Dr Priscilla Leung suggested the government should consider investing in potential local start-ups business and making it easier for these companies to obtain bank financing. This would attract companies from the “Belt and Road Initiative” regions to list in Hong Kong and attracts talents to come. She pointed out that the government should reform the institutions and laws (for example, the Urban Renewal Authority Ordinance and Lands Resumption Ordinance) so as to be “result-oriented”in governance. The government should also encourage each bureau to set key performance indicators She hoped that John Lee could pay attention to regional voices and communicate more with young people in Hong Kong. She also hoped that John Lee could integrate people with different opinions and narrow the gap between the government and the public.
Jimmy Ng suggested the new-term government to coordinate better on releasing epidemic information so as to avoid public confusion and negative emotion affecting the business environment of Hong Kong. On the other hand, he also paid attention to the development of Hong Kong into a smart city. The idea was formulated 20 years ago, but it has not been promoted within the government. For example, there is no digitalisation in court documents and taxation work with a large amount of paper being used. He thus suggested the government to pursue digitalisation in order to keep up with the national and international trend of environmental protection.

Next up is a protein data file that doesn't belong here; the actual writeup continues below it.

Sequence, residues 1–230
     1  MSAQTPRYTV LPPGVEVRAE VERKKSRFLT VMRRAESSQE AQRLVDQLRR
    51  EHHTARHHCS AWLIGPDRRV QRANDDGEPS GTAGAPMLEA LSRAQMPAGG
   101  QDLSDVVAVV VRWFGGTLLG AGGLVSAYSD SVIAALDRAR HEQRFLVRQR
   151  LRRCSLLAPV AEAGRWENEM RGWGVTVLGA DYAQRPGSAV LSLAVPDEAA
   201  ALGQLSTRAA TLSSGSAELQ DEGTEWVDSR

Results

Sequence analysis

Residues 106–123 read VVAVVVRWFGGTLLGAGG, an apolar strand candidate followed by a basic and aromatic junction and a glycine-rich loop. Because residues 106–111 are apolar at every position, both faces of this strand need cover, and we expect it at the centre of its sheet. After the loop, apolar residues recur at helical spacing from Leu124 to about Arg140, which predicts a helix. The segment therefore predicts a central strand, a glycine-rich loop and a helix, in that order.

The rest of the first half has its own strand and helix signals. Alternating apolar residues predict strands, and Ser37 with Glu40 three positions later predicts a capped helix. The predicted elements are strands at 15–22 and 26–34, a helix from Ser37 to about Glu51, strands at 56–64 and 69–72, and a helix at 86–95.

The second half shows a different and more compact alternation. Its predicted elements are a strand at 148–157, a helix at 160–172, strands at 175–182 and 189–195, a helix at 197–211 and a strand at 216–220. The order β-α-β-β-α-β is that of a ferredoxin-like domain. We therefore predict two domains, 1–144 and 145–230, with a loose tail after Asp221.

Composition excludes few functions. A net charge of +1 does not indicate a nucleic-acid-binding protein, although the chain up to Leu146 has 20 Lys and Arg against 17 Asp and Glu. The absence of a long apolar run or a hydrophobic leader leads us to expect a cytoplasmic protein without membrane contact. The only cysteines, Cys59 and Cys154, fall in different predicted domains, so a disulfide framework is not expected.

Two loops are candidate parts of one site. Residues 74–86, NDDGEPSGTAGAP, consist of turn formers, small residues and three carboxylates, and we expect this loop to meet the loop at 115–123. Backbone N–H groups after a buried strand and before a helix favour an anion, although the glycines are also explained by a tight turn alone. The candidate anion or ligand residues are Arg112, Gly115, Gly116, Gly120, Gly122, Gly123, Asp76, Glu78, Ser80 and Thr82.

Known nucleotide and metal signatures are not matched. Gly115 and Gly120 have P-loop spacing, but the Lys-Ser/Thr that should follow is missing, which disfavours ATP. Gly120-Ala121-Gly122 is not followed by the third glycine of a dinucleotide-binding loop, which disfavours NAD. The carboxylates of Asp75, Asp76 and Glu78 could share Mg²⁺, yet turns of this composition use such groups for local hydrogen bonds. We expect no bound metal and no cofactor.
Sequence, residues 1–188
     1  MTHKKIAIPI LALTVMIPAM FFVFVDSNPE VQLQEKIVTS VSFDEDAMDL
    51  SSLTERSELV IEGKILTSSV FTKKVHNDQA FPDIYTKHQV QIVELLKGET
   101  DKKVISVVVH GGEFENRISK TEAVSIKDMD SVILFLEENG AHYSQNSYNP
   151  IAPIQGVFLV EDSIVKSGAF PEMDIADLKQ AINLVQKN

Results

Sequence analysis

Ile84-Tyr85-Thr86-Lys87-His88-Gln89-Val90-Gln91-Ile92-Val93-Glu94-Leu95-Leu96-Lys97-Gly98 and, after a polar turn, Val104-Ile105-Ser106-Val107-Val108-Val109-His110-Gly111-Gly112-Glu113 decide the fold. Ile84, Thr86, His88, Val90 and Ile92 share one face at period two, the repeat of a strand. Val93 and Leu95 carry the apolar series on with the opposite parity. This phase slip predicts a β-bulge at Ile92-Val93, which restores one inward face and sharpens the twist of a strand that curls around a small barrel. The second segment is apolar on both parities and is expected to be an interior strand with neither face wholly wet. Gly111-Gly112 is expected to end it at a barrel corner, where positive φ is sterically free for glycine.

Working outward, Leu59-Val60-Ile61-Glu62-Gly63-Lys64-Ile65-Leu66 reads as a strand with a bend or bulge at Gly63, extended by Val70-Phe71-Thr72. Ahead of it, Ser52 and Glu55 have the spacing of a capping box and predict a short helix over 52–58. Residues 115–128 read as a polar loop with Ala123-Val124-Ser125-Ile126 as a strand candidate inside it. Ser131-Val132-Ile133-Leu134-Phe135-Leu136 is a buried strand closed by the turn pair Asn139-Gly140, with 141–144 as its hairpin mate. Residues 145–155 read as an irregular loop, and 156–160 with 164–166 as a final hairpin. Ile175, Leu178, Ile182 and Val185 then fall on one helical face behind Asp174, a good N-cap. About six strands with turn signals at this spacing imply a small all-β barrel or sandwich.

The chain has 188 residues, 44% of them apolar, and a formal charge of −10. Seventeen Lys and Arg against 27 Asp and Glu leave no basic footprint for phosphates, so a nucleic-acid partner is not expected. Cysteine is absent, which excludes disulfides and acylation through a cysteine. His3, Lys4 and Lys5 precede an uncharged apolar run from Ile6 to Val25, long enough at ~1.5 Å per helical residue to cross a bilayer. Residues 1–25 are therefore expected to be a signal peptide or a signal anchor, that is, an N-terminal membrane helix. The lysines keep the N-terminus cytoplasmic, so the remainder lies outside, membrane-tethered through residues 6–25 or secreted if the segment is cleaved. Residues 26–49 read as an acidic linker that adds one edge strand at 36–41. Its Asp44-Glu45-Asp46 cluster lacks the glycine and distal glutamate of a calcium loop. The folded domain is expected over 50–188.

Benson Luk hoped that the new-term government could work on enhancing young people’s upward mobility. Regarding housing policy for the youth, he suggested using idled community isolation facilities as youth hostels and allowing home starters to use their own MPF contribution for the down payment. The government should deepen young people’s knowledge about development of the Greater Bay Area in order to facilitate their integration into the national development. He also suggested the establishment of Commission on Youth, advocating that government officials should engage regularly with young people and listen to their opinions.
Sunny Tan, representing the Textiles and Garment sector, said Hong Kong’s traditional industries could work in complementing the National 14th Five-Year Plan to accelerate the use of technological elements in different industrial fields. He looked forward to streamlining procedures of taxation and government funding. In addition, he mentioned that the industrial and business community was willing to promote Hong Kong’s international role on economic and trade to the international community. He suggested explanatory work by the government with European and American political and business leaders would bring a more positive attitude towards Hong Kong and re-strengthen the economic and trade relations with Hong Kong based on mutual understanding.
Louis Loong, representing the Real Estate and Construction sector, said the government encouraged the industry to apply BIM digital plans, but the related department insisted on their submission in paper form. He suggested the government should rationalise the process, speed up the automation procedure of each department, shorten the time taken by departments on the approval of plans, and speed up the progress of housing construction. In terms of land development, he suggested the government to consider building houses in green-belt areas with lower ecological value, relax the threshold for compulsory auction on urban renewal projects and increase the plot ratio after reconstruction so as to increase land supply in the short term. As many large-scale projects were to be launched, he suggested the government should ensure sufficient manpower by attracting more young people to join the construction industry.